Sand, Surf and Septage

A secondary treatment unit with recirculating compartments enables a contractor to replace failed systems on beaches in southern California
Sand, Surf and Septage
Juan Ramirez of JS Innovative Systems helps a crane operator from United Rentals maneuvering a 6,500-pound AdvanTex AX-MAX module from the delivery truck. (Photos courtesy of BioSolutions Inc.)

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Onsite systems at 16 beaches on Santa Monica Bay, Calif., had exceeded their useful lives. Most were at risk of overflows and required pumping every two weeks, as sand blowing in through corroded cast-iron lids filled them three-quarters full.

Monthly water samples taken by the Los Angeles County Department of Environmental Health confirmed intermittent high bacteria counts. Concern for the health of swimmers and surfers led the U.S. EPA to issue new total maximum daily loads for bacteria.

The Los Angeles County capital fund enabled the Public Works Water Resources Division to replace the onsite systems with advanced treatment units. Because ammonia in effluent could affect marine life, the board issued additional waste discharge limits for nitrogen and bacteria.

Public Works project manager Alex Villarama, P.E., selected AdvanTex AX-MAX modules for their ability to meet stringent regulatory requirements. Zach Adams of JS Innovative Systems in Malibu won the bid. The installations were the first of their kind in southern California.


Site conditions

Sand soil with the water table eight to 14 feet below grade, depending on the tides.


System components

Villarama designed identical systems to handle 1,500 gpd each. Major components are:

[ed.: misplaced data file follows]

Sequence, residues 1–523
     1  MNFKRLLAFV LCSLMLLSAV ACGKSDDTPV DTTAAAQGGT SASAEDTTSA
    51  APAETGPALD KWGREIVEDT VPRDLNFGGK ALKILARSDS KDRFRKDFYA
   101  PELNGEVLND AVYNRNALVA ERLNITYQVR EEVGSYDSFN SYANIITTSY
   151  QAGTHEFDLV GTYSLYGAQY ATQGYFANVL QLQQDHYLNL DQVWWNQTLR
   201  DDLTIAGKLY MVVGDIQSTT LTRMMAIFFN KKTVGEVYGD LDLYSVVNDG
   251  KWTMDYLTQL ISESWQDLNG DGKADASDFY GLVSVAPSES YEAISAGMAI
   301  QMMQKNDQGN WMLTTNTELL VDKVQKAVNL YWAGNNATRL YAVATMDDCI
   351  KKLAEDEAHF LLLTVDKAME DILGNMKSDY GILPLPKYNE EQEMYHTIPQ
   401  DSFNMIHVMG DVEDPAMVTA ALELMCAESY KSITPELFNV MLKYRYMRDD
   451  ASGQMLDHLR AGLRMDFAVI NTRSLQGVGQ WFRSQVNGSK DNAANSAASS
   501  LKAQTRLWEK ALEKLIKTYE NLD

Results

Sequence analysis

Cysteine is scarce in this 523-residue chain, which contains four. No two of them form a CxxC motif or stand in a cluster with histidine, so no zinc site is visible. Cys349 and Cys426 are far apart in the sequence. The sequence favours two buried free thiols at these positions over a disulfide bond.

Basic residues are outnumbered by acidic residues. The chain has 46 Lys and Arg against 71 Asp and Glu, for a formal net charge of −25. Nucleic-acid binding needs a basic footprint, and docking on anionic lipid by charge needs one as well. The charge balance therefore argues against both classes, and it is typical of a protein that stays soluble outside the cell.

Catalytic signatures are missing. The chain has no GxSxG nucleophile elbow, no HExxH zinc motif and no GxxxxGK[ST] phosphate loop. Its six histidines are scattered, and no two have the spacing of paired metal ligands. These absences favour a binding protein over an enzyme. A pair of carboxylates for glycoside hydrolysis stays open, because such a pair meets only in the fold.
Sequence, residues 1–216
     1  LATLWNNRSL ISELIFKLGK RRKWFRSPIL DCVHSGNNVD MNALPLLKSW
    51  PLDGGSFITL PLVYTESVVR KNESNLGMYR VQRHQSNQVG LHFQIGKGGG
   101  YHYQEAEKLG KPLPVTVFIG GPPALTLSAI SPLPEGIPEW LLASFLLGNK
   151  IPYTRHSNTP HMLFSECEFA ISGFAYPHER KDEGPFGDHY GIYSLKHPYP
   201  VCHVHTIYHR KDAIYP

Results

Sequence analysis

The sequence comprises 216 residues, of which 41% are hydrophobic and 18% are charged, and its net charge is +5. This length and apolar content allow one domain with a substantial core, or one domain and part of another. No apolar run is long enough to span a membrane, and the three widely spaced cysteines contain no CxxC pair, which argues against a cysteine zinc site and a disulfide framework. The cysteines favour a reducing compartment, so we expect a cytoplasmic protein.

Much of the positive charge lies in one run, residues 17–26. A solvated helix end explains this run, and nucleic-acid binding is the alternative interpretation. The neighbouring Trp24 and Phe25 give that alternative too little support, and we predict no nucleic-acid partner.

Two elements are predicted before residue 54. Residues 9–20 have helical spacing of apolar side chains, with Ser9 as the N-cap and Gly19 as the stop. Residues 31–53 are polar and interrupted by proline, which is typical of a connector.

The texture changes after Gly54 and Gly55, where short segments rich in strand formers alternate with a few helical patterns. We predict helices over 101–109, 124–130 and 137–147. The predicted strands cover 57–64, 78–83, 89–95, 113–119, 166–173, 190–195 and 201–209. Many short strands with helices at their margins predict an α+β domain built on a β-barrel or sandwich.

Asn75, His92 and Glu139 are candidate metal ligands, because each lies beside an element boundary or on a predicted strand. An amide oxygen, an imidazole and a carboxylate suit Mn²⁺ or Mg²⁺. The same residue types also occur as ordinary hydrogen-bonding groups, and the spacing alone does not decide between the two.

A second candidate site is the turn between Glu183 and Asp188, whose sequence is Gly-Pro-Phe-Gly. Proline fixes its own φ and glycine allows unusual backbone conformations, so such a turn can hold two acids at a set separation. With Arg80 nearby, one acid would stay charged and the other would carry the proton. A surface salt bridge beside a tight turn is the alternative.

3,000-gallon Xerxes fiberglass septic tank with duplex single-phase, 50 gpm, 1/2 hp, 2-inch effluent pumps from Orenco Systems Inc. Most components supplied by BioSolutions Inc., Agoura Hills, Calif.

4,500-gallon AdvanTex AX-MAX packed bed filter module, Orenco

60-gallon buffering basin, Orenco

BK2000CD chlorination-dechlorination unit with tablets, Norweco Inc.

3G ultraviolet disinfection chamber, Salcor Inc.

Ozone disinfection unit, O3H2O4U

1,000-gallon concrete dosing tank with Orenco duplex single-phase, 10 gpm, 1/2 hp, 1 1/4-inch effluent pumps, Jensen Precast

Siemens magmeter/flowmeter integrated into custom TCOM control panel with telemetry, Orenco

360 feet of Geoflow drip tubing with headworks

2,500-gallon concrete sand trap, Jensen Precast

Rain switch system with butterfly valve from Jensen Instrument Co. of Southern California, supplied by JS Innovative Systems


System operation

Wastewater flows 25 feet through a 4-inch drain-waste-vent (DWV) pipe to the septic tank. Every hour, the pumps send 100 gallons to the three-compartment AX-MAX module. As influent enters the 3,000-gallon recirculation-blending chamber, it blends with filtrate dripping from the hanging textile media.

A pump in a walled-off area sends 100 gallons per hour through a one-way transfer line to a manifold above the media, which distributes the effluent for further treatment. As it percolates through the media, microorganisms remove impurities. A portion of each dose drips into the 1,500-gallon recirculation-filtrate chamber before flowing to the buffering basin.

A baffle divides the flow between the recirculation-blending and recirculation-filtrate chambers, and a recirculation return valve controls the liquid levels. No wastewater passes into the second chamber without first flowing through the media. In the buffering basin, a peristaltic pump injects soda ash to increase alkalinity for ammonia reduction and enhanced nitrogen removal.